All the films from all the editions, including those subsequently removed, presently totalling 1167. An easy way of seeing how…
What happens when make-believe believes it's real?
Living with her tyrannical stepfather in a new home with her pregnant mother, 10-year-old Ofelia feels alone until she explores a decaying labyrinth guarded by a mysterious faun who claims to know her destiny. If she wishes to return to her real father, Ofelia must complete three terrifying tasks.
Guillermo Del Toro's obsession with the child's perspective is often the death blow of many films that have been produced with his name attached to it. He should stop producing them and he should start making them again because he has proven time and again that he is a fantastic storyteller and Pan's Labyrinth seems to be the film that blends together everything he values in film and stories.
This film is terrifying. Not so much because it is scary or filled with gore, no it is terrifying because we are scared for someone. Ofelia is a fantastic protagonist. She is a girl you automatically want to protect from the horrors around her and that investment is where this film…
Everytime I re-watch Pan’s Labyrinth I am reminded how brilliant it is and how foolish I was for ever forgetting its undeniable qualities. Whilst Guillermo del Toro’s references are clear for all to see - from Spirit of the Beehive and classic children’s literature to the monster movies of his childhood - his blending and combination of influences creates something uniquely his own. The story - a young girl entering a fantasy world in order to make sense of her troubled reality - is nearly as old as storytelling itself. Yet, del Toro returns this conceit to its roots. This is no sanitised or family friendly descent into a safe world of talking creatures, this is a world as grim…
Blending together the horrors of both reality & fantasy into a spellbinding tale, Pan's Labyrinth is a blazingly original, extraordinarily artistic, technically accomplished & astonishingly beautiful film with a rare ability to immerse the grown-ups into its fantasy world in a manner that very few examples of its genre can emulate, and even lesser when the story is a downright fairy tale.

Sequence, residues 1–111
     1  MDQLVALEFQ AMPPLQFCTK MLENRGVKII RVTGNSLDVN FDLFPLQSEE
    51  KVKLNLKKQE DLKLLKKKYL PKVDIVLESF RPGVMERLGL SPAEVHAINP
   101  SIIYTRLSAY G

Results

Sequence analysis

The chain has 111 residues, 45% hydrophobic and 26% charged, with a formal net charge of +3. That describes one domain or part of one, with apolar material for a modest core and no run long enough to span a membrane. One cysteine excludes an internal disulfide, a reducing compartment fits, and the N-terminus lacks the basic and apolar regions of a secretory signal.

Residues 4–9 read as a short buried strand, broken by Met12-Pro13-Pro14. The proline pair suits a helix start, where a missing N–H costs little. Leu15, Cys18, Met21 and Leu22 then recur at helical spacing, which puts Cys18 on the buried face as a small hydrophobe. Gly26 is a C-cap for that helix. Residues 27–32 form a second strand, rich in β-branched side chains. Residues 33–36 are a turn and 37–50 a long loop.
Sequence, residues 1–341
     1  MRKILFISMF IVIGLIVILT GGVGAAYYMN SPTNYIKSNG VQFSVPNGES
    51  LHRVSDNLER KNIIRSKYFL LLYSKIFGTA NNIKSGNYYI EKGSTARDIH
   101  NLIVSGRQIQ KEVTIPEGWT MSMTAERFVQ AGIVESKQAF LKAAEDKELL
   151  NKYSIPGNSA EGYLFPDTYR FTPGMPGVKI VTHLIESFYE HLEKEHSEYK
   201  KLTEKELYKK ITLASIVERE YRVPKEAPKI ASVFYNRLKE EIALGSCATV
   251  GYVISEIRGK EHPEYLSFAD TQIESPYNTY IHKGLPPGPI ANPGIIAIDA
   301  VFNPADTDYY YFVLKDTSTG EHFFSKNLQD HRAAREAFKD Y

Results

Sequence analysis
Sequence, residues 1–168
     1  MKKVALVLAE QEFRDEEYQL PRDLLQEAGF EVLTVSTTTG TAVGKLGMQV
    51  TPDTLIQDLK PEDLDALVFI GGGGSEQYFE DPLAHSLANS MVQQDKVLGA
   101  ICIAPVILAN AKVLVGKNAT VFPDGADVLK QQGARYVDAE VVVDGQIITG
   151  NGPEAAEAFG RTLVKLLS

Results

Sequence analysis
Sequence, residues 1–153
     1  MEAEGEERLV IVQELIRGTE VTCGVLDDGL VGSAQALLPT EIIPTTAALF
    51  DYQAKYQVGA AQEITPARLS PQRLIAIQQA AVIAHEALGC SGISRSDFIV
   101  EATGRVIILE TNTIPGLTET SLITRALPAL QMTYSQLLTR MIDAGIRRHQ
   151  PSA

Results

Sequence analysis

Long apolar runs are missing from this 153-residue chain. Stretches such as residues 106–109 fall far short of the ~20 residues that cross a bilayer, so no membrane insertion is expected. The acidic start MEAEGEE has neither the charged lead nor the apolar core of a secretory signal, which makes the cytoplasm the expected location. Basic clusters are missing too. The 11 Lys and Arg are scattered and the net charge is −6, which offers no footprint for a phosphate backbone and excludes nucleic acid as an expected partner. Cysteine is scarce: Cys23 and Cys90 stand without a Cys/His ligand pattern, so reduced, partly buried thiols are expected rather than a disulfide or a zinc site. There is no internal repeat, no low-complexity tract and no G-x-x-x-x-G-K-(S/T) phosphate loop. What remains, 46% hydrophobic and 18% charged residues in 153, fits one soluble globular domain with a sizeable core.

Set in the fascist Spain of 1944, it tells the story of Ofelia; a young girl in love with fairy tales who comes to live with her new stepfather & escapes into an eerie but captivating world of fantasy. Being told that she's the long-lost princess of an underground kingdom that's awaiting her return, the film covers Ofelia trying to prove…
Visually Exquisite! Truly a sight to behold! The macabre story itself is unlike any adult fable I have ever come across! A rich blend of dark fantasy mixed with the harsh realities of a cruel unforgiving world!
In any other hand's other than Guillermo del Toro I have no doubt this film would have failed miserably! His gift of telling an unsettling story through the innocent eyes of a child is unequaled!
As accomplished as he may be he understands he is only as good as the people he surrounds himself with! Everyone on-screen and off-screen were top notch in their respective fields! But his MOST impressive decision was when he cast Ivana Baquero as Ofelia!
She was absolutely magnificent! Her portrayal of Ofelia was exceptionally heartfelt and genuine! As was the audiences reaction towards her!
This film has been compared to lots of fantasies, from "The Chronicles of Narnia" and "Bridge to Terabithia" to "Lord of the Rings." Ebert & Roeper once called it a well told "adult fairy tale." And I understand that. After all, there is a fantasy world, a brave mission to accomplish, and danger lurks at every turn. But this film is so much more grounded in reality than that; to me, it is a tragic war movie that just happens to have a very imaginative sub-plot.